Year in review: Roster of dinosaurs expands

Evidence suggests warmer, fuzzier beasts

Dreadnoughtus schrani

RETHINKING DINOS  With the discovery of several new species like Dreadnoughtus schrani — one of the largest dinosaurs ever found, weighing about 60 metric tons — and a few dogma-shaking revelations, dinosaurs got a total rethink in 2014.

Jennifer Hall



Dinosaurs roared into the news this year with the discovery of several new species and a few dogma-shaking revelations.

One skyscraping goliath found in Argentina was a plant eater that reached about as tall as a two-story building at its shoulders and weighed more than seven T. rexes (SN Online: 9/4/14). Scientists named the giant Dreadnoughtus (for “fears nothing”) schrani.

Another beast, dug up in Portugal, was a new T. rex–like species called Torvosaurus (“savage lizard”) gurneyi. It might have been the biggest predator to stalk through Europe during the late Jurassic period, 161 million to 145 million years ago (SN Online: 3/6/14).

Though these big dinos evoke Godzilla, people can probably dump the popular image of dinosaurs as lumbering, lizardlike swamp creatures. Instead, they may have been a bit more warm and cuddly. In 2014, researchers found more evidence that dinosaurs all wore some type of feathery coat (SN: 8/23/14,p. 15). Fuzzy filaments covered the body and limbs of a new species unearthed in Siberia. Because the dinosaur was only distantly related to the ancestors of birds, downy dino plumage may have been the norm.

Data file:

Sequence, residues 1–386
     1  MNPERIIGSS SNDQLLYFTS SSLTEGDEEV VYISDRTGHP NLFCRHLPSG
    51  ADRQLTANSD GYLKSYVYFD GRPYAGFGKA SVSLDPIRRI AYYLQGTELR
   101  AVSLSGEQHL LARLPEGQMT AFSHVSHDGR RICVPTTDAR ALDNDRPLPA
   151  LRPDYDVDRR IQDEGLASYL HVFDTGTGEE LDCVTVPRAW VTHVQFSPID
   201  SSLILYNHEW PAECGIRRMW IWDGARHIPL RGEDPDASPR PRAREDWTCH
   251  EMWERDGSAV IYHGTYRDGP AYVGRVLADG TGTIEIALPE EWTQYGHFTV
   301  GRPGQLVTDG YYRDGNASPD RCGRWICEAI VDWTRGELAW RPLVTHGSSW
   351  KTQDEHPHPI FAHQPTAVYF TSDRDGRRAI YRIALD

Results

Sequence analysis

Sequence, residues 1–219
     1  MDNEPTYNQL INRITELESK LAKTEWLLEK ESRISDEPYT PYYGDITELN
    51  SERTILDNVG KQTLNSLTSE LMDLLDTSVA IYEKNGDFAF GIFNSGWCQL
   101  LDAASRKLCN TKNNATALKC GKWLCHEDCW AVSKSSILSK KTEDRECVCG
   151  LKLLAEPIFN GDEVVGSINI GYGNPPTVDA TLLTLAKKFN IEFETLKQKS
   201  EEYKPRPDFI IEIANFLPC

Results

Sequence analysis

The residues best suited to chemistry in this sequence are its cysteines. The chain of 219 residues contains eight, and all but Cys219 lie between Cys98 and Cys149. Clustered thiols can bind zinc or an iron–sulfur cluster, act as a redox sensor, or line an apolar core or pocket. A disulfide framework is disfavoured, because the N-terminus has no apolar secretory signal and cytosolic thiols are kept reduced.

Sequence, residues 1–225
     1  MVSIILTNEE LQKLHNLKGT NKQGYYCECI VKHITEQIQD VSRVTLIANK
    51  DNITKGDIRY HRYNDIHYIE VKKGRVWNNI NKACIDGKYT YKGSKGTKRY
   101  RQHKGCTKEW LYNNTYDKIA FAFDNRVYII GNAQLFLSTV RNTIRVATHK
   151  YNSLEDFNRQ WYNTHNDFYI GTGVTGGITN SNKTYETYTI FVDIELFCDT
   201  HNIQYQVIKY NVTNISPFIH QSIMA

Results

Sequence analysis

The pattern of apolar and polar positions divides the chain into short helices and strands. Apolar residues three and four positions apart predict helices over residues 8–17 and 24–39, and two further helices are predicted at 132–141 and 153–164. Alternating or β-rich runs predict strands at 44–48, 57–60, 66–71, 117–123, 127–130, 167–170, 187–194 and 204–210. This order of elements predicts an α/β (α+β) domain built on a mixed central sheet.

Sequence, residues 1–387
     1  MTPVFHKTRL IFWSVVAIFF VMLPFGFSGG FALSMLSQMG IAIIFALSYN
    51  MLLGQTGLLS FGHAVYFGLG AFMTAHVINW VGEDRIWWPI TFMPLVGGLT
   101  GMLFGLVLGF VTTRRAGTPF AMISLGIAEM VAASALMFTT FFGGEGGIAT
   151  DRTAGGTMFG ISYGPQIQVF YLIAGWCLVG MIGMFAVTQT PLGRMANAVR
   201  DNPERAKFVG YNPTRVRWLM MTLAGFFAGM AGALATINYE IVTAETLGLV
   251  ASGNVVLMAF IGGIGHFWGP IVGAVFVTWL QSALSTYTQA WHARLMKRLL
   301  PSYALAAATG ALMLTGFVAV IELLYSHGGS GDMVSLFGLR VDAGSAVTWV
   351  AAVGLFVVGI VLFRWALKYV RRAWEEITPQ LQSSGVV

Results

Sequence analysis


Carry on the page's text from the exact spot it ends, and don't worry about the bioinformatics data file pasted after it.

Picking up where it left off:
Although 50 million years of continual shrinking transformed dinosaurs into birds (SN Online: 7/31/14), Tyrannosaurus, Allosaurus and their cousins probably didn’t share the flying animals’ rapid metabolisms. Instead, researchers proposed in June, dinosaurs fell somewhere in between warm-blooded birds and cold-blooded lizards (SN: 7/12/14, p. 6).

And rather than lurking just in balmy lagoons, dinosaurs settled in many different environments, including the ancient Arctic, with a climate similar to today’s Pacific Northwest. Herds of duck-billed dinosaurs may have made homes there year-round (SN: 8/9/14, p. 20).

One type of dinosaur probably even preferred an aquatic home. Spinosaurus, a sail-backed predator first described in 1915, may be the only known dinosaur to have dwelled in and out of  water, perhaps even hunting sharks (SN: 10/18/14, p. 10).

Meghan Rosen is a staff writer who reports on the life sciences for Science News. She earned a Ph.D. in biochemistry and molecular biology with an emphasis in biotechnology from the University of California, Davis, and later graduated from the science communication program at UC Santa Cruz.

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